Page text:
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Newsweek: Microsoft's Six Fatal Errors

Jun 16, 2000, 05:28 (16 Talkback[s])
(Other stories by Jared Sandberg)

"Did the tactics that made Bill Gates the world's richest man provoke the threat of a breakup? The judge thought so. The road to a harsh verdict."

"It was a bleak winter day in early 1998, and Microsoft's lawyers had come from Redmond to appear before Judge Thomas Penfield Jackson in the other Washington. In a legal clash predating the landmark antitrust suit, Jackson had asked the company to remove its Web browser from Windows 95 on the grounds that forcing the browser on PC makers violated a prior pact with the Feds. Microsoft said a separation was technically impossible. But to comply with the judge's order, the company produced one browser-free version of Windows 95 so old that its shelf life was even shorter than Bill Gates's temper. Another browserless version was so broken its only feature was an error message. The judge was clearly angry that Microsoft insisted the only way to comply with his order was to ship defective products. It was a hardball maneuver that cost Bill Gates & Co. dearly."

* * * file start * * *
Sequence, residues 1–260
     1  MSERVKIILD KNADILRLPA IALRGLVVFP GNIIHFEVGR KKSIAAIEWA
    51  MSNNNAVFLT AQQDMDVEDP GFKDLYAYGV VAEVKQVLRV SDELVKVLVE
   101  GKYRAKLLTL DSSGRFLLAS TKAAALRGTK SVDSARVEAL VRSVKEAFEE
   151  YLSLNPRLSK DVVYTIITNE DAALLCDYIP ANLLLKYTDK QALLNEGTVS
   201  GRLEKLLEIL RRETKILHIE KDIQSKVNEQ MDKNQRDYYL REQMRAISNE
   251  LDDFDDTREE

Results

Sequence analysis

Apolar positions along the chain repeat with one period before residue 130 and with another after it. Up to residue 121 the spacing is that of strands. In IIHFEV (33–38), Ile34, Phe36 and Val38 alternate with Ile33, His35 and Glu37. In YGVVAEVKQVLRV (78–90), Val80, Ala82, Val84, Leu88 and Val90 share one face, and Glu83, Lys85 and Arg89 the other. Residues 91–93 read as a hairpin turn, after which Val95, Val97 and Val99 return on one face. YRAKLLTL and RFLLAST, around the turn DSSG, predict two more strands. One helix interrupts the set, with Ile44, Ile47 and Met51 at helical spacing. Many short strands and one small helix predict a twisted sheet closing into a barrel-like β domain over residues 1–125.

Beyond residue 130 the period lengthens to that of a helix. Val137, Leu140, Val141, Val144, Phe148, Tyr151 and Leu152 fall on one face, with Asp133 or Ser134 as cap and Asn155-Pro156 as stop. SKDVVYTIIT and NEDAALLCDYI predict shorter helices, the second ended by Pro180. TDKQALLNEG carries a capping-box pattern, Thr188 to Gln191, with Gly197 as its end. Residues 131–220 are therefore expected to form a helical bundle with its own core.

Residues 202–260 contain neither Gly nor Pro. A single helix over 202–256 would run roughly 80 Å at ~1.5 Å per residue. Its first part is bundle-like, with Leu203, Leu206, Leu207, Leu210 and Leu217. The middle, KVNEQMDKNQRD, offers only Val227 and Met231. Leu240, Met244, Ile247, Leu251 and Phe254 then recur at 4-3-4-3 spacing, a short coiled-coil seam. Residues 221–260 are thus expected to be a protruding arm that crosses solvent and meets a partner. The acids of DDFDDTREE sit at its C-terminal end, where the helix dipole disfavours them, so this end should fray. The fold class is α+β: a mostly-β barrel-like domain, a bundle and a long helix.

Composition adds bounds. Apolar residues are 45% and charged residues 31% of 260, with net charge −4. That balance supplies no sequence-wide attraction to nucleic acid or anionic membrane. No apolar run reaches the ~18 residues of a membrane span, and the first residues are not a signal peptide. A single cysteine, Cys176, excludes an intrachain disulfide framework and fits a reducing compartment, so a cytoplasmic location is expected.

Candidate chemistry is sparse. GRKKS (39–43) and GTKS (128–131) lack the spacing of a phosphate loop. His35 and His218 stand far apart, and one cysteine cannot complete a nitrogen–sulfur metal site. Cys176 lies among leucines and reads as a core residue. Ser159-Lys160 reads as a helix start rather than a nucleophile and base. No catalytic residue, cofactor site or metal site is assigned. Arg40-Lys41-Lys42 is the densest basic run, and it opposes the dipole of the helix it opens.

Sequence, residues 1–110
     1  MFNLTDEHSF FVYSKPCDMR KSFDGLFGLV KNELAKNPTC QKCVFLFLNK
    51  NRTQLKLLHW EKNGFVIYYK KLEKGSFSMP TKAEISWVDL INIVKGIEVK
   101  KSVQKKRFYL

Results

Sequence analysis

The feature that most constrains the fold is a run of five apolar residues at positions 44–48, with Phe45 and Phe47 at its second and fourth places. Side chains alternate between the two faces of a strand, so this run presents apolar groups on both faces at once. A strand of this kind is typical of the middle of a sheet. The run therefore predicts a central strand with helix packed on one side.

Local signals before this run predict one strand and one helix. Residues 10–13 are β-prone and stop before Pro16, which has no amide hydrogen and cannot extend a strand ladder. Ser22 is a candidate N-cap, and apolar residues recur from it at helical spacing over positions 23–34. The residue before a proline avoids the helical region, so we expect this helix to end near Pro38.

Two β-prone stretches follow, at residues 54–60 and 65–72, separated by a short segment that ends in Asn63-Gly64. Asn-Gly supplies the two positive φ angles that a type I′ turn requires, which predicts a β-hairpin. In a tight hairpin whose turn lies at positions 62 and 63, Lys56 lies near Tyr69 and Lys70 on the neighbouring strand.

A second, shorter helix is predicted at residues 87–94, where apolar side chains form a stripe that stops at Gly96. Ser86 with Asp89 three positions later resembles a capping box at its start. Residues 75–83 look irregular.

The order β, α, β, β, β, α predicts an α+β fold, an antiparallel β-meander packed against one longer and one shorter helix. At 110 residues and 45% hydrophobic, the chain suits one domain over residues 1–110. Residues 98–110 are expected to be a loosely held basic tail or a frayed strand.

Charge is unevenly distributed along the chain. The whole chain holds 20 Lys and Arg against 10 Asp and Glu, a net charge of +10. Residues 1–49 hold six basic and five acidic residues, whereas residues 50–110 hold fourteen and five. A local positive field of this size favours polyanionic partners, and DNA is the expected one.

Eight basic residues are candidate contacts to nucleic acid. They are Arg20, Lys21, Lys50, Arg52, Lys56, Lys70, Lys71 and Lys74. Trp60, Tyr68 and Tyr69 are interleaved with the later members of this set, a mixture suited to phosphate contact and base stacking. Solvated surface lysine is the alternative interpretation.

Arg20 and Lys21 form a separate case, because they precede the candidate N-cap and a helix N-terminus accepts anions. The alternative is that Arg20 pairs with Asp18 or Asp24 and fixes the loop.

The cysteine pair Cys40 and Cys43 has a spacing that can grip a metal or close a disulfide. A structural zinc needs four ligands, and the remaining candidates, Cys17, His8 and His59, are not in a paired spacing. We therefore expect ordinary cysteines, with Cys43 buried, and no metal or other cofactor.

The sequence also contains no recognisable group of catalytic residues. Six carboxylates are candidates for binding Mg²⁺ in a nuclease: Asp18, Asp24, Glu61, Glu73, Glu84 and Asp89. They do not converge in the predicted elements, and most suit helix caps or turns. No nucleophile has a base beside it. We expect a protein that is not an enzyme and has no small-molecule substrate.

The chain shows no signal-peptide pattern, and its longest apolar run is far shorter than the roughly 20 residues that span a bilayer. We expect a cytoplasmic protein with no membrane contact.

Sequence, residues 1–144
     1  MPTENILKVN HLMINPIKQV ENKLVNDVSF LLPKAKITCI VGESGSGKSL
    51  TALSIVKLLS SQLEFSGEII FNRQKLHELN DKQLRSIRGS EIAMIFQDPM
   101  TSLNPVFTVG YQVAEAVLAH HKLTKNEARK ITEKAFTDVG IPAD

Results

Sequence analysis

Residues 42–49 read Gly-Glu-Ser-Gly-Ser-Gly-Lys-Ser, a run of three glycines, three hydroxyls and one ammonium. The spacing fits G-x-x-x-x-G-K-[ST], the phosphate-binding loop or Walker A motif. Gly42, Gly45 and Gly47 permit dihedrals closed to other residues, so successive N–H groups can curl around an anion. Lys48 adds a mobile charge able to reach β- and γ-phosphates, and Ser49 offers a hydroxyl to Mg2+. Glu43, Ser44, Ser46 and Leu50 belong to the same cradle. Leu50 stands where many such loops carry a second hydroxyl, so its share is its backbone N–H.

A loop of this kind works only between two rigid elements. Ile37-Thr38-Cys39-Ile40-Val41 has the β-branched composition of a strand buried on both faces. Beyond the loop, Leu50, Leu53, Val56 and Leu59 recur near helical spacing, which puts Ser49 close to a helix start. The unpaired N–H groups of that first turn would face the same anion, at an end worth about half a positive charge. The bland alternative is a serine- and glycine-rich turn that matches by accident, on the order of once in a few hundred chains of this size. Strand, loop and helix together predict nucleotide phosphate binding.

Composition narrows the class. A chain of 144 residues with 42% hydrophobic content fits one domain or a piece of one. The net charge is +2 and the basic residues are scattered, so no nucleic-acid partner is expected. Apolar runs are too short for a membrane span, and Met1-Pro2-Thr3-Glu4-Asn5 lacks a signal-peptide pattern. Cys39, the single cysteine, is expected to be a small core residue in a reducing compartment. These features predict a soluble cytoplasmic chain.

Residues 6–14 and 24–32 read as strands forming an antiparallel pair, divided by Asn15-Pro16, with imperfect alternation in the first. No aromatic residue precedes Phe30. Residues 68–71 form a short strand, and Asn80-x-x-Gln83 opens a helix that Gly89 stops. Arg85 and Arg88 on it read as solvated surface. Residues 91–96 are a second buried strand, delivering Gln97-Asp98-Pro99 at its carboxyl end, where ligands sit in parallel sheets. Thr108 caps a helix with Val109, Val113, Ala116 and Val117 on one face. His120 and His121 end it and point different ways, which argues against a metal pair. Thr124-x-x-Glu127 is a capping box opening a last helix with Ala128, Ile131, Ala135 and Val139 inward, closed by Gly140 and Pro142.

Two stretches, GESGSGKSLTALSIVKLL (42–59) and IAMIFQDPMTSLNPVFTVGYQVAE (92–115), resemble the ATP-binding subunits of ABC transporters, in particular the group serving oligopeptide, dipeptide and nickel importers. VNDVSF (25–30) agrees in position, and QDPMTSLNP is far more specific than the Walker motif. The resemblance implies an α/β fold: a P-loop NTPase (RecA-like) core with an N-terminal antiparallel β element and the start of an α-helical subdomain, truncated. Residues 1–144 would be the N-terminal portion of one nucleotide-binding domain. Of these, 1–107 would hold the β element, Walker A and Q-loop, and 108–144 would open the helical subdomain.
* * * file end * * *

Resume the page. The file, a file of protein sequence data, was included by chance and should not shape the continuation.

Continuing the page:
"The judge's frustration had been mounting. Already in this early skirmish, Microsoft had submitted a legal brief questioning the technical know-how of Justice Department attorneys-and by extension the judge-who "have no vocation for software design." It also went over his head to the appeals court. Ultimately siding with Microsoft, the appellate judges overruled Jackson and told him the courts shouldn't be software designers. For Gates's empire, it was a short-lived victory. Looking back recently, one Microsoft insider said that first round clearly came at a high price: "We shouldn't have pissed off the judge."

"Last week Jackson ordered the biggest software redesign Microsoft has ever known, concluding that splitting the software giant into two independent companies was "imperative." ... If upheld, Jackson's order, aside from causing the biggest Windows crash in the company's 25-year history, would bring an end to a software empire that became the planet's most valuable company and an engine of the New Economy. Some-Microsofties among them-will blame the judge. Some will blame an overzealous government that has unsuccessfully tried to rein in Microsoft for more than a decade. A NEWSWEEK reconstruction of the key moments on the road to Microsoft's Judgment Day, however, suggests that the most likely culprit is the same defiant corporate culture that made Microsoft so successful in the first place. ... "Microsoft took a scorched-earth approach," says Howard University law-school professor Andrew Gavil, "and they got scorched."

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